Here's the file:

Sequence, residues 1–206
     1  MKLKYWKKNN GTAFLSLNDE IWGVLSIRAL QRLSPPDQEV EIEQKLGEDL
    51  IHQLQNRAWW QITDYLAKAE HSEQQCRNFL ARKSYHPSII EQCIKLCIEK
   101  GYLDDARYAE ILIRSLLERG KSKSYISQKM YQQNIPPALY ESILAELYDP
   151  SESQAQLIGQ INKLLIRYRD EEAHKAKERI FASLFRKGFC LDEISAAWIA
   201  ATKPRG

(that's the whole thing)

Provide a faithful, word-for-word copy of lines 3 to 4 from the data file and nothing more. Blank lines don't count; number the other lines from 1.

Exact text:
    51  IHQLQNRAWW QITDYLAKAE HSEQQCRNFL ARKSYHPSII EQCIKLCIEK
   101  GYLDDARYAE ILIRSLLERG KSKSYISQKM YQQNIPPALY ESILAELYDP